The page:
Jamaica is poised to rake in billions as its local medical cannabis industry heats up–at least according to Professor Wayne McLaughlin of the University of the West Indies.
The country holds a massive variation of 98 percent on its cannabis cultivars, and experts think that could be the key to staggering industry profits.
“We are looking at the different genotypes, and the diversity is really high–about 98 percent diverse and genetically different strains of marijuana in Jamaica. So whether a grower produces, for example, Indica in St Ann or ‘skunk’, which is historically is grown in Westmoreland, the farmers will know that they are producing remarkably different strains, as much as 98 percent, which means a wide variety of medicinal use can be gained from them,” McLaughlin told editors of The Gleaner in January.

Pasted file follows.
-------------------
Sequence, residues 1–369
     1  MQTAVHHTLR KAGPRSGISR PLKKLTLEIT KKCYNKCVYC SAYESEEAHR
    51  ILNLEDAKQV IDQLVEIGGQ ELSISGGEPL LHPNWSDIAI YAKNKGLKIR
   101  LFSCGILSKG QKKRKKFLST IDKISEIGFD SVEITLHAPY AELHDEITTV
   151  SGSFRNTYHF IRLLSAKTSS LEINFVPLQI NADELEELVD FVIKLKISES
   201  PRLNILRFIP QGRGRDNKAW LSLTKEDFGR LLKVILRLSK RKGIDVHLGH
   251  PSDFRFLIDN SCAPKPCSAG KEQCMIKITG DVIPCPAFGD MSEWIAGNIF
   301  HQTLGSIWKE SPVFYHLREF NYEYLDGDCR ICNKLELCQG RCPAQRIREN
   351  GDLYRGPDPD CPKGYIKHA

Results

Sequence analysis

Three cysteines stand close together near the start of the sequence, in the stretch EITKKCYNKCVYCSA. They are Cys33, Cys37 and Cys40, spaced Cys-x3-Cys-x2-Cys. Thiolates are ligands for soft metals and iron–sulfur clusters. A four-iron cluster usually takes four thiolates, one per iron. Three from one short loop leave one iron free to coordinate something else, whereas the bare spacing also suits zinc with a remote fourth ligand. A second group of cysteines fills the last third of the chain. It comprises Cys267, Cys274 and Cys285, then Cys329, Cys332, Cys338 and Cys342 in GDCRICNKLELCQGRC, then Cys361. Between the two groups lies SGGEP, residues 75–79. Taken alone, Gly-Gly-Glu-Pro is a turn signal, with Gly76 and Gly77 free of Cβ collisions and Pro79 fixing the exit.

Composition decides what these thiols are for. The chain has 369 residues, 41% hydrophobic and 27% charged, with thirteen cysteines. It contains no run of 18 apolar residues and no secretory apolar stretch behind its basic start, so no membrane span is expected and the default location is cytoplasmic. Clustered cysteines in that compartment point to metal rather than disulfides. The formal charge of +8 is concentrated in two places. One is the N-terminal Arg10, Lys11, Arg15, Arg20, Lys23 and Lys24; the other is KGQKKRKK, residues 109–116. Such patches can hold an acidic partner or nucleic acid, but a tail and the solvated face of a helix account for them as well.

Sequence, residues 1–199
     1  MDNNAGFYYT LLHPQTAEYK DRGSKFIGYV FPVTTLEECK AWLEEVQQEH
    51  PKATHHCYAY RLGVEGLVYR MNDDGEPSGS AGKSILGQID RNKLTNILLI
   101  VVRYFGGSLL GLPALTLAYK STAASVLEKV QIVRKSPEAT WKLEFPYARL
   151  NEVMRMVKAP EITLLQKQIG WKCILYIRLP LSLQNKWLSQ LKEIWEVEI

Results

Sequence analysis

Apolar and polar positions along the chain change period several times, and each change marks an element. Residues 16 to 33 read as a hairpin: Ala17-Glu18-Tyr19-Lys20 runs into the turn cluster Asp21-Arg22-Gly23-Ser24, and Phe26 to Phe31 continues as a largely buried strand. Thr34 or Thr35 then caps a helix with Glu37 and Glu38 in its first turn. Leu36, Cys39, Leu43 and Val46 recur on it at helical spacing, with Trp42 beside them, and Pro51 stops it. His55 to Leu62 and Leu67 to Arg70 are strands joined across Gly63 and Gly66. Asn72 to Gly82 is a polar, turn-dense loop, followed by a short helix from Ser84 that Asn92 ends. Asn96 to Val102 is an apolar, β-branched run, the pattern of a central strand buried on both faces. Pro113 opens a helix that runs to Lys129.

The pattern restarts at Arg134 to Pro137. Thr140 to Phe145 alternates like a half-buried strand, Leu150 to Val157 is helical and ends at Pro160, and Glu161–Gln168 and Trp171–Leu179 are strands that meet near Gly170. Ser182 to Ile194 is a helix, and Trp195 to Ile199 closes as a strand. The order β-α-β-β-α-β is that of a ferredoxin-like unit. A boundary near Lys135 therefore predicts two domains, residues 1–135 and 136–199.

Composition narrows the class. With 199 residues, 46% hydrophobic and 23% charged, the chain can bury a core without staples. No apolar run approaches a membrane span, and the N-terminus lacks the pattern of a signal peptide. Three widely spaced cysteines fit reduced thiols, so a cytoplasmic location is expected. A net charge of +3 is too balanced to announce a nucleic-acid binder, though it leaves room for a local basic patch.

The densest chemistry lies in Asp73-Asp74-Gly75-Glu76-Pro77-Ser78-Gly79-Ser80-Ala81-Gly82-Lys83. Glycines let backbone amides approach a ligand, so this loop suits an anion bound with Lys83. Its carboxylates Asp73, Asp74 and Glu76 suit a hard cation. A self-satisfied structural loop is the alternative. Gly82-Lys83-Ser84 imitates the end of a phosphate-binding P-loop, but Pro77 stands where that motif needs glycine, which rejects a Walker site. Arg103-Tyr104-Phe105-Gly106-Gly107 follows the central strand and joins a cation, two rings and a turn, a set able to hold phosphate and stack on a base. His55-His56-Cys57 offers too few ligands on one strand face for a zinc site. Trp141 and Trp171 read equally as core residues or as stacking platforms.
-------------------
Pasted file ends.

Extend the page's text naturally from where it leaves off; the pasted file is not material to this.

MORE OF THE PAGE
The professor explained that much of his research is to identify indigenous cannabis cultivars with the use of genetic markers.
McLaughlin and his team of researchers started doing detailed work back in 2010, coming out of a forensic science programme at the university. His team has set up two labs to identify different chemical profiles–CARITOX and CARIGEN–which are considered to be invaluable for industry research.
“The monetary value because of this wide-ranging strain variation is going to be massive and a distinct advantage for the Jamaican medicinal cannabis industry,” McLaughlin said during and update on UWI research.
McLaughlin explains that developing and identifying local genetic markers is key to the development of quality and consistency–important qualities in the country’s monetization of the plant. There is also an element of patriotism to his work, he told The Gleaner.
“Part of our study is to make sure that the Jamaican strain remains fully Jamaican–although that’s going to be very difficult, having had for many years a time when we had hybridised and [brought] in other strains to breed with our own.”